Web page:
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Old 11-25-2012, 02:12 AM   #1
ashmgee
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Default botting gravity? (sorry)

I have some cider that I would like to bottle to clear up space for future projects. Right now the stuff reads 1.010, and I know that it will go lower (perhaps slightly lower than 1.000).

I would be bottling this into Grolsch green bottles.

I have heard that you would not want to bottle more than three volumes(?).
My question is at what gravity can I bottle these, and not worry about bombs, but get some carbonation. I don't need lots of bubbles. Some will be fine. I just don't want to have any busted bottles.

I searched for a bit because I know this has been discussed to death, but I could not find a thread that got right to the point.

Thanks for any help.

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Old 11-25-2012, 03:12 AM   #2
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,003-.004 will get you adequate carb levels and be safe.

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Old 11-25-2012, 04:58 AM   #3
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Like roadymi said 0.003 gravity points will provide enough sugar to carbonate your cider. This works out to about 1 oz per gallon. If you've used this strain of yeast and this juice before consult your previous finishing gravities to find out where it stops naturally. If this is the first time look up the attenuation for your yeast. For something like S-05 this is 73-77%. From there take your starting gravity and multiply it by 1-0.77 whatever the highest attentuation level is. So for a 7% cider you would have an OG around 1.070. The last two numbers 70*(1-0.77) = 16.1 so your final gravity will be around 1.016. Add the 0.003 to this giving you a target bottling gravity of 1.019.

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Old 11-25-2012, 06:14 AM   #4
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Thank you guys. That is exactly what I was looking for.
Mods feel free to delete if needed.

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Old 11-25-2012, 12:33 PM   #5
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Quote:
Originally Posted by Leithoa View Post
Like roadymi said 0.003 gravity points will provide enough sugar to carbonate your cider. This works out to about 1 oz per gallon. If you've used this strain of yeast and this juice before consult your previous finishing gravities to find out where it stops naturally. If this is the first time look up the attenuation for your yeast. For something like S-05 this is 73-77%. From there take your starting gravity and multiply it by 1-0.77 whatever the highest attentuation level is. So for a 7% cider you would have an OG around 1.070. The last two numbers 70*(1-0.77) = 16.1 so your final gravity will be around 1.016. Add the 0.003 to this giving you a target bottling gravity of 1.019.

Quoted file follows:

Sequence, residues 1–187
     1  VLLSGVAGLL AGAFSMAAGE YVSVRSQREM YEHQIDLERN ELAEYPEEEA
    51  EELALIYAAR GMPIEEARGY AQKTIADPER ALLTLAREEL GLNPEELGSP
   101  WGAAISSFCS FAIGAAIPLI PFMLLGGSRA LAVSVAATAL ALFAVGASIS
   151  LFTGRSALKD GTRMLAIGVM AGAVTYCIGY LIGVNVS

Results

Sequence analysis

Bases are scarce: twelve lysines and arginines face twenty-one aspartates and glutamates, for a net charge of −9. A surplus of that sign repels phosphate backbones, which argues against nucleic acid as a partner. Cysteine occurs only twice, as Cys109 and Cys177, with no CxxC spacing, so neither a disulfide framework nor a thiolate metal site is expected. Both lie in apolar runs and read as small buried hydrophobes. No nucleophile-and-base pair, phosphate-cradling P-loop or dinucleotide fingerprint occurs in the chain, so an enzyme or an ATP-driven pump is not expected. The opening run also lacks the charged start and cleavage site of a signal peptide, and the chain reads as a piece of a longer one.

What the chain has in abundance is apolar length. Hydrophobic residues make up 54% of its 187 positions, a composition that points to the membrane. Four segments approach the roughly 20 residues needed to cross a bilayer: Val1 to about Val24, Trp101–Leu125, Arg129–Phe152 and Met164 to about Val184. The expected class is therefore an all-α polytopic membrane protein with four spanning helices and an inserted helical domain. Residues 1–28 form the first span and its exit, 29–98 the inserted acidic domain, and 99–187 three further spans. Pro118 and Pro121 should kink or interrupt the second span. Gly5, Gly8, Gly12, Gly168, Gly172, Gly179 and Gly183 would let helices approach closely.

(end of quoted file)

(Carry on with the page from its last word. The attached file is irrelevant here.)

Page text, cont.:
the attenuation numbers you look up don't apply to cider, they are for beer. you should normally assume 100% attenuation unless you are going really boozy and the yeast can't handle the alcohol, or if you are doing something crazy like keeving. but s05 for example will easily go above 10% abv in a cider. i agree not to go over 0.003; i shoot for 0.002 for a 'normal' carb level, but i would let it ferment all the way out, let it clear, then prime and bottle, but that's just my preference. bottle bombs are dangerous, gushers are not dangerous but ruin your day
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Old 11-25-2012, 01:19 PM   #6
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Quote:
Originally Posted by dinnerstick View Post
the attenuation numbers you look up don't apply to cider, they are for beer. you should normally assume 100% attenuation unless you are going really boozy and the yeast can't handle the alcohol, or if you are doing something crazy like keeving. but s05 for example will easily go above 10% abv in a cider. i agree not to go over 0.003; i shoot for 0.002 for a 'normal' carb level, but i would let it ferment all the way out, let it clear, then prime and bottle, but that's just my preference. bottle bombs are dangerous, gushers are not dangerous but ruin your day